Why is space debris a growing concern?
With the increasing number of satellite launches, experts have been warning about the increasing number of objects, especially the upper stages of rockets, in the Earth’s lower orbits, leading to collision risks.
Like the damage to the Canadarm2 reveal, any of these objects, including the tiny flecks which largely go untracked, can impair an operational spacecraft.
That CSA announced that the robotic arm is still operational and the damage not significant is just pure coincidence and luck. On September 22 last year, ISS maneuvered to raise its orbit out of the path of the debris, which was trackable and was estimated to come within 1.39 km of the station. As a safety measure, the three crew members moved to the Russian segment of the station to be closer to their Soyuz MS-16 spacecraft.
According to ESA, a collision with a 10-cm object would entail a catastrophic fragmentation of a typical satellite. A 1-cm object would most likely disable a spacecraft and penetrate the ISS shields, and a 1-mm object could destroy subsystems on board a spacecraft.
“As the potential for orbital collisions rises with increasing congestion, it is important to recognize that risks to astronauts, critical national security capabilities and global space commerce are also on the rise, to the extent that the use of some orbital regimes may become impractical due to debris density,” the report states.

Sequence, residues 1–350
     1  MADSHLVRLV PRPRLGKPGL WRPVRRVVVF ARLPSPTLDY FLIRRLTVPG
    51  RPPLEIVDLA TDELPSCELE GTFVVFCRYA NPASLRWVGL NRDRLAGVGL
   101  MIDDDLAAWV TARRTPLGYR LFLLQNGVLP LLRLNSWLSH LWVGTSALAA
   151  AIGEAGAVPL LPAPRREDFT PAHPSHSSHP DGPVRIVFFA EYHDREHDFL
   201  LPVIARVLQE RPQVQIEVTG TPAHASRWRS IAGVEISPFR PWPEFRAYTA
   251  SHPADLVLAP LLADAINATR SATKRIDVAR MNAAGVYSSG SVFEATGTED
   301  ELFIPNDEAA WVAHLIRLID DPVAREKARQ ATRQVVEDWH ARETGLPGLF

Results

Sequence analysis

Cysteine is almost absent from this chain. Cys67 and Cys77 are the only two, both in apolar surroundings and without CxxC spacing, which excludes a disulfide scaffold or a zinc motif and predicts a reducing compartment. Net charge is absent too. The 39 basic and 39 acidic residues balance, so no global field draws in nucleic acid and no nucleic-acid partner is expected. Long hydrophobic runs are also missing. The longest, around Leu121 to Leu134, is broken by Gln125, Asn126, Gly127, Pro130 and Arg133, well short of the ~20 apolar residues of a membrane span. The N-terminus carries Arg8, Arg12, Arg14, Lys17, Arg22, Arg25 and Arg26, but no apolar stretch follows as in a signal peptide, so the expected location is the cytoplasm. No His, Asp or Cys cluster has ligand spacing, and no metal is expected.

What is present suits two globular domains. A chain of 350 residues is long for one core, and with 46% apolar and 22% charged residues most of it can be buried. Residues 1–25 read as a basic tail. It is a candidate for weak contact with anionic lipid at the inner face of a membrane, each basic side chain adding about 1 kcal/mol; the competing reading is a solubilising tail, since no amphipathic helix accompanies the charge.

Are we creating more debris in orbit?
On an average, the past two decades have seen as many 12 accidental “fragmentations” per year, a trend found to be unfortunately increasing, according to ESA. Fragmentations are typically described as events that lead to debris creation due to collisions, explosions, electrical problems and even just the detachment of objects due to the harsh conditions in space.
“The biggest contributor to the current space debris problem is explosions in orbit, caused by leftover energy — fuel and batteries — onboard spacecraft and rockets. Despite measures being in place for years to prevent this, we see no decline in the number of such events. Trends toward end-of-mission disposal are improving, but at a slow pace,” Holger Krag, head of the Space Safety Program, said in a statement in October last year.